Paying For Success: A Potential Future Funding Model for Workforce Development

In June 2012, the Department of Labor (DOL) announced the recipients of the 26 Workforce Innovation Fund (WIF) grants. Ranging from $1million to $12 million allotments, the funds were allocated to State workforce agencies, local Workforce Investment Boards and one WIA section 166 organization.

As part of the announcement, the DOL also highlighted the availability of $20 million WIF funding to pilot the “Pay for Success” (PFS) model.  PFS, which has recently gained traction in the U.K., Australia, and New York, essentially creates a social investment market through the use of Social Impact Bonds (SIB).

A blog from the White House’s Office of Management and Budget (OMB) described PFS as “an innovative way of partnering with philanthropic and private sector investors to create incentives for service providers to deliver better outcomes at lower cost—producing the highest return on taxpayer investments.”  The OMB simplified the PFS concept with a single sentence: “Pay providers after they have demonstrated success, not based on the promise of success, as is done now.”

The PFS model represents a new means of capitalizing social services. An initial capital infusion from independent investors (private and philanthropic) covers the cost of operations with these stakeholders then being eligible for a return on their investment.

With specific, measurable outcomes being the lynchpin for tracking success, the evaluation is left to independent parties (all grants include an evaluation component for  tracking and assessment purposes), and it is the achievement of those results that then unlocks the committed funds from the partnering government agency.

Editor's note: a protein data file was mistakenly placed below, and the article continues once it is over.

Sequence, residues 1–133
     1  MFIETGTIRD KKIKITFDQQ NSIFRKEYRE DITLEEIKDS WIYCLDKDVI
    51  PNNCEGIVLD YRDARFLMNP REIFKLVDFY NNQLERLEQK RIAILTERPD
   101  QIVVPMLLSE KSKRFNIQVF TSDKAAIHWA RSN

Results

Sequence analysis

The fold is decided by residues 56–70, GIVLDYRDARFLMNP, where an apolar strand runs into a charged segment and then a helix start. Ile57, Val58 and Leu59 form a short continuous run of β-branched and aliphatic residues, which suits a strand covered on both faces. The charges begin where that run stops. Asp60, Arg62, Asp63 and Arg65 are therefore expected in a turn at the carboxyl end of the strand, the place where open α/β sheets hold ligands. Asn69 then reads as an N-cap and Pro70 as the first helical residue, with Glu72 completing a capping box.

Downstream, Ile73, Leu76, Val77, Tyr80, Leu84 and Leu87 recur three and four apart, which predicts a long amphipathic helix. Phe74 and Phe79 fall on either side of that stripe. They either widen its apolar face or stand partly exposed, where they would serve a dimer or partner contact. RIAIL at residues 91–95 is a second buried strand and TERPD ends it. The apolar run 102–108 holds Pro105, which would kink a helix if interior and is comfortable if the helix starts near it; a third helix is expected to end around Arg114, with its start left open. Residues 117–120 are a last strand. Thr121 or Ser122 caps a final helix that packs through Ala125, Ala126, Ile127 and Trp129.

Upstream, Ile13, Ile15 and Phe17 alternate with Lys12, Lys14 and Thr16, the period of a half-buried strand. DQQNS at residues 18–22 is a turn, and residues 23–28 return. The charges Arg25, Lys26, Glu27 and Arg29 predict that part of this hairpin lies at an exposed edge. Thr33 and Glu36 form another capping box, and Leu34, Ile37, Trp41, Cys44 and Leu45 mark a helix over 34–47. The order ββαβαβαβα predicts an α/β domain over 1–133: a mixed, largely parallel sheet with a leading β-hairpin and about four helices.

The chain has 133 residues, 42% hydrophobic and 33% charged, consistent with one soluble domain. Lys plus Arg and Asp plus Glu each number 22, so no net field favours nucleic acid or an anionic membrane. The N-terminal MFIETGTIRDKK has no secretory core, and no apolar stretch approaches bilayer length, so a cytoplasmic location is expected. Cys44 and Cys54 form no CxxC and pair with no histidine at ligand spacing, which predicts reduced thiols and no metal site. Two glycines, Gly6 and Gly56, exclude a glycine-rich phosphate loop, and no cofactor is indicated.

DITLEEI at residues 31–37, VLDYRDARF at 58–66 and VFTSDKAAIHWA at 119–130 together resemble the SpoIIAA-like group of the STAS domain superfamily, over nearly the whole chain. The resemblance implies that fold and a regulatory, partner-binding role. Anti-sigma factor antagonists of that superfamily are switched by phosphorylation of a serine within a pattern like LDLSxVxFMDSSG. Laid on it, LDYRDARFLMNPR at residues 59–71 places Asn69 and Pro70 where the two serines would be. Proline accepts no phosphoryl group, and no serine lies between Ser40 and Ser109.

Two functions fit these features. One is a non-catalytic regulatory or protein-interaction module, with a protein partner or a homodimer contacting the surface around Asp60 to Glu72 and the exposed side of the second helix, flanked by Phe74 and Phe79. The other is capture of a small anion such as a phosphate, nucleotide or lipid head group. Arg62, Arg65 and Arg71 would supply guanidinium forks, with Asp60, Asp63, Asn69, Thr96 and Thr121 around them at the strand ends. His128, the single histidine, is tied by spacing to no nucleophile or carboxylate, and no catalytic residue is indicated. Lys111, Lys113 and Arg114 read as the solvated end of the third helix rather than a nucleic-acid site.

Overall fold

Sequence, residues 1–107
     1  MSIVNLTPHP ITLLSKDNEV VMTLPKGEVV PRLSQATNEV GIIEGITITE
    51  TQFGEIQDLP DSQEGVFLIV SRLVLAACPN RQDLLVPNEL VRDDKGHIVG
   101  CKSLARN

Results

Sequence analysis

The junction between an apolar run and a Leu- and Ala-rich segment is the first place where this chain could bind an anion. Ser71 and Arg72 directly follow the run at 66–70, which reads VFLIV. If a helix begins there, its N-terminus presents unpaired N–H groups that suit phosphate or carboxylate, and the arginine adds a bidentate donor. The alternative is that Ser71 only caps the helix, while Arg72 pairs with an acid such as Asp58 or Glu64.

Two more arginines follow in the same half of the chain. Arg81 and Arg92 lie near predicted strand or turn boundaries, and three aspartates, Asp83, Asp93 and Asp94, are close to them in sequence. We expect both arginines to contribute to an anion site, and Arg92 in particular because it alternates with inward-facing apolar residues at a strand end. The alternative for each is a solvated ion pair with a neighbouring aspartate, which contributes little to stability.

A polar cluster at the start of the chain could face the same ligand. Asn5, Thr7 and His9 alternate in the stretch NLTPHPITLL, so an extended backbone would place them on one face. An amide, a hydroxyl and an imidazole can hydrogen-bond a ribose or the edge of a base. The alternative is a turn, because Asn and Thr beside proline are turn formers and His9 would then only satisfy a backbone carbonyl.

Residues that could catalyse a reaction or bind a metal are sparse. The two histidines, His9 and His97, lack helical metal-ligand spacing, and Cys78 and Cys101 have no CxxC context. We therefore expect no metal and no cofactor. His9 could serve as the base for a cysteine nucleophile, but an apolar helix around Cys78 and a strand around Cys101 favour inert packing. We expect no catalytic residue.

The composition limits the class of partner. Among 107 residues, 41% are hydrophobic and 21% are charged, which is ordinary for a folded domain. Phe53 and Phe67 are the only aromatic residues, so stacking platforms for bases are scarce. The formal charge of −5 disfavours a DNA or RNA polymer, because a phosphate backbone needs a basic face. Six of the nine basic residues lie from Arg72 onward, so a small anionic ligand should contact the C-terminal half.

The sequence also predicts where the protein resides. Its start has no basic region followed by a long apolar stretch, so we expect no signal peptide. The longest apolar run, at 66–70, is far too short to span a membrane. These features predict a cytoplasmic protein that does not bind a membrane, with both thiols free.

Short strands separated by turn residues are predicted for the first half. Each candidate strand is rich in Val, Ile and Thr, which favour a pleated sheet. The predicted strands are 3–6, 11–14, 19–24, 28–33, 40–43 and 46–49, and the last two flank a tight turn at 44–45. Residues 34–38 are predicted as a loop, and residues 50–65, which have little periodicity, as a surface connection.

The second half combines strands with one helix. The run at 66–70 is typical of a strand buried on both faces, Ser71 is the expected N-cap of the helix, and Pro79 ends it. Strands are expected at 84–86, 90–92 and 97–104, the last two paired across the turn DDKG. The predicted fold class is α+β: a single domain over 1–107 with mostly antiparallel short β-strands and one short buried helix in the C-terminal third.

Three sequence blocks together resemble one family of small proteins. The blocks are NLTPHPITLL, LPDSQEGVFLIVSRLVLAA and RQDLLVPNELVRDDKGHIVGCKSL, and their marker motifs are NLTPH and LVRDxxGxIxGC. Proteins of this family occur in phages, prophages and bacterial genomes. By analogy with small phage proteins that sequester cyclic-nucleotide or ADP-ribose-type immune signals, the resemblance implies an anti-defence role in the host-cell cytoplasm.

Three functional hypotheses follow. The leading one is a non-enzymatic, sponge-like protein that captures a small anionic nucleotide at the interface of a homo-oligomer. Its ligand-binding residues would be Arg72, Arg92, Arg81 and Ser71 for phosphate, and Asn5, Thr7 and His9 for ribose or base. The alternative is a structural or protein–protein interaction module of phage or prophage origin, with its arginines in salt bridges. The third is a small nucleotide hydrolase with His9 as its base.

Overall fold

KRA Corporation welcomes all initiatives that bolster the ability of any agency committed to furthering the cause of workforce development to effect better outcomes on behalf of all jobseekers, and applauds the formulation of progressive initiatives that are proactive in their approach to mitigating unemployment in the U.S.

This fledgling PFS system has not yet offered a wealth of reported results to date and, as such, has its detractors.  In Nonprofit Quarterly, Executive Director of the Minnesota Council of Nonprofits, Jon Pratt, advocates for a cautious approach to the implementing of SIBs quoting Campbell’s Law of: “The more any quantitative social indicator is used for social decision-making, the more subject it will be to corruption pressures and the more apt it will be to distort and corrupt the social processes it is intended to monitor.”

It is indeed “a new way of doing business” and a Nonprofit Finance Fund review addressed some of the PFS risk tradeoffs. In the investment review, authors Kristin Giantris and Bill Pinakiewicz maintain that high-performing service providers can potentially increase the likelihood of future successes of PFS providers as “program intermediaries “and even “develop the pipeline” by sharing their experience and best practices to reduce the risk for newer providers.

KRA Corporation’s experience in workforce development spans more than 30 years, and we are fortunate to have been of service to dozens of public- and private-sector agencies and organizations whose programs support effective workforce services systems.  The KRA team is dedicated to remaining at the forefront of the evolving workforce development landscape, and looks forward to following the progress of this new PFS program model.